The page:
Not sure wether this counts as a standalone, as there are books about some of the minor characters, but I guess that is only in the same world, so not considered a series.

A strong, important book I recommend highly, worth way more than the 5stars I can give, one of the best books I read this year, both with a message and entertaining. Would really like to see this filmed.

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Sunday, November 12, 2017

Review: A Deep Thing

A Deep Thing A Deep Thing by A.K. Smith
My rating: 4 of 5 stars

Got this rather cheap, the blurb read interesting. Also at the end with the notes about the author I discovered it was a female author, which is always a plus for me. Except for the romance.
Solid 4* for a debut. Contains too much romance for my taste. Some scenes where way too long and not to spoil the end, while I thought it would take a turn into SF, it was more fantasy. And this way also more like James Rollins, what with the trust-no-one vibe and the conspiracy theories. Felt also a bit too long for me, as I took altogether too long to finish it, a sure sign it was not as suspenseful as I hoped.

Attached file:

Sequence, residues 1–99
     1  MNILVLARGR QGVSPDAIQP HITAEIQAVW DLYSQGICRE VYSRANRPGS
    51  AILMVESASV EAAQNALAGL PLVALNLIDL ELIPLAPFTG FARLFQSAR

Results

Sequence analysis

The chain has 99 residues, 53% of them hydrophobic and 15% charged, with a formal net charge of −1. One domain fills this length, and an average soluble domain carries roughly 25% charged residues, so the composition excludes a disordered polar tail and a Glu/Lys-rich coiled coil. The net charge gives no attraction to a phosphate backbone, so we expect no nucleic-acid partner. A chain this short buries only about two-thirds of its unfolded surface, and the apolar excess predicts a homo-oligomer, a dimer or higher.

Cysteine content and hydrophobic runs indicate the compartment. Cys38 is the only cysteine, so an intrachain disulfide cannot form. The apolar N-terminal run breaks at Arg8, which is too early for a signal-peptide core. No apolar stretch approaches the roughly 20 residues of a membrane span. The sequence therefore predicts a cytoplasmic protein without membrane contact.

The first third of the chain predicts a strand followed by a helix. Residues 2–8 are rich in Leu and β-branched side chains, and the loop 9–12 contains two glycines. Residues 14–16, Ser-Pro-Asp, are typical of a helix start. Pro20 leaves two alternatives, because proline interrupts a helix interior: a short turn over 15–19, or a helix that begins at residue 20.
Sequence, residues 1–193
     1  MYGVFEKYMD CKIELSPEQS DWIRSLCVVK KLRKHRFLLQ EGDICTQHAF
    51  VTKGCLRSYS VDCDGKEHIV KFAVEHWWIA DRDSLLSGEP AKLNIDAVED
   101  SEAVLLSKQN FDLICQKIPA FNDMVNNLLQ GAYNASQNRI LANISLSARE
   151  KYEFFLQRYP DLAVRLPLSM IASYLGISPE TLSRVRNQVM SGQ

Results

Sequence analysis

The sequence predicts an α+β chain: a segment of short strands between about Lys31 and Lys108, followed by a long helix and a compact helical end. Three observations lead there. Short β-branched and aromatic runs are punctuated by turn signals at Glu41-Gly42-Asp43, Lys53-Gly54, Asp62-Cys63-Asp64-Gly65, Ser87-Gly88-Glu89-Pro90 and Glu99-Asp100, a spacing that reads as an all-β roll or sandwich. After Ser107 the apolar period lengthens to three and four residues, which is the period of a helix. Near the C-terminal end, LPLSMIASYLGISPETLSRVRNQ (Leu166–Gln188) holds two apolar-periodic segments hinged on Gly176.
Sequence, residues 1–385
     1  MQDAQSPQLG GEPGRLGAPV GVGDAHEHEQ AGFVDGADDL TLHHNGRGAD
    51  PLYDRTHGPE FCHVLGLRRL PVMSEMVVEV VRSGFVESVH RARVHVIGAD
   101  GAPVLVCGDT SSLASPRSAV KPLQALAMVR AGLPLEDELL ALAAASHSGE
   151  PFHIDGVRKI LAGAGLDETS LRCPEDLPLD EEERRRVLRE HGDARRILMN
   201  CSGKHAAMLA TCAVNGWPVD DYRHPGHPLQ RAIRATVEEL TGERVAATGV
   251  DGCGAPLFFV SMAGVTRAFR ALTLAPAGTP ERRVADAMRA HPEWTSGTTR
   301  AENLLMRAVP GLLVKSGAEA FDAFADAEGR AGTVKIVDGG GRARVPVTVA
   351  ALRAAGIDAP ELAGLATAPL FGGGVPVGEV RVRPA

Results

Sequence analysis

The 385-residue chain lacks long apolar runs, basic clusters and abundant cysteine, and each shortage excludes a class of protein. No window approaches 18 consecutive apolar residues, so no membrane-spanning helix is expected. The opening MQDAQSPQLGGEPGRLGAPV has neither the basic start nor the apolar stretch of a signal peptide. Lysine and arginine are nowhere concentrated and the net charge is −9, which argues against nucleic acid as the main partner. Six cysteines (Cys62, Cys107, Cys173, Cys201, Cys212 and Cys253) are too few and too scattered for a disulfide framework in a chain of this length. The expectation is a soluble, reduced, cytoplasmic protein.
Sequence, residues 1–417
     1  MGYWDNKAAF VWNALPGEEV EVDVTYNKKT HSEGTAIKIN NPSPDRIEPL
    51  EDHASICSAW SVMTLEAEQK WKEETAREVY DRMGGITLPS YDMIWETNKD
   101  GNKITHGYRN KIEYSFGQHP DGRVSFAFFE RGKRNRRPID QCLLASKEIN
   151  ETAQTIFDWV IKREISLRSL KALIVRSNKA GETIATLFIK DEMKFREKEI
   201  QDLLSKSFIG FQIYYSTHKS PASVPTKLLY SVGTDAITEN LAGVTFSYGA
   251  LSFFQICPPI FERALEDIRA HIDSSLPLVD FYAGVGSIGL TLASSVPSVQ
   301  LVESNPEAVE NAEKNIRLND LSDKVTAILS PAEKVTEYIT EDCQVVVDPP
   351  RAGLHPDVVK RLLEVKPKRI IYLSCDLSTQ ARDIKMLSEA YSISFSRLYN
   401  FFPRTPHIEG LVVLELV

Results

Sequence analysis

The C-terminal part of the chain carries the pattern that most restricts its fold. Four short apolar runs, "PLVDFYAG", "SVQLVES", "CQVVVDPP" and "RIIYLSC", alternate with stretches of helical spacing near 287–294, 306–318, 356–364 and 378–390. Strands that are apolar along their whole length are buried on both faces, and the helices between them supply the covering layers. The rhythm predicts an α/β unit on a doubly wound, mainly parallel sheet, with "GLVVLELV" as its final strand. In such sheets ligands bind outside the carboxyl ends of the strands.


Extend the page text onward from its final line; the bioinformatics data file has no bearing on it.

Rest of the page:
As I read Hans Hass and Jacques Cousteau in my youth and despite my disability I swam then (Baltic Sea sometimes or when the family went to a swimming pool), the diving was what interested me most in this book and the short passages where rather interesting and felt real, like the author had experienced this kind of cave-diving herself.

With a debut or when other pieces fall into place I tend to overlook some things, so others might consider this a 3star book. But I saw no mistakes, not in the logic of the story, nor in the writing (grammar etc.) - sometimes in speech it felt like I would have said it with a word or two more, but maybe I am just more used to some UK expressions, from a different English-speaking-country (I am a foreigner, German born&breed, still living here).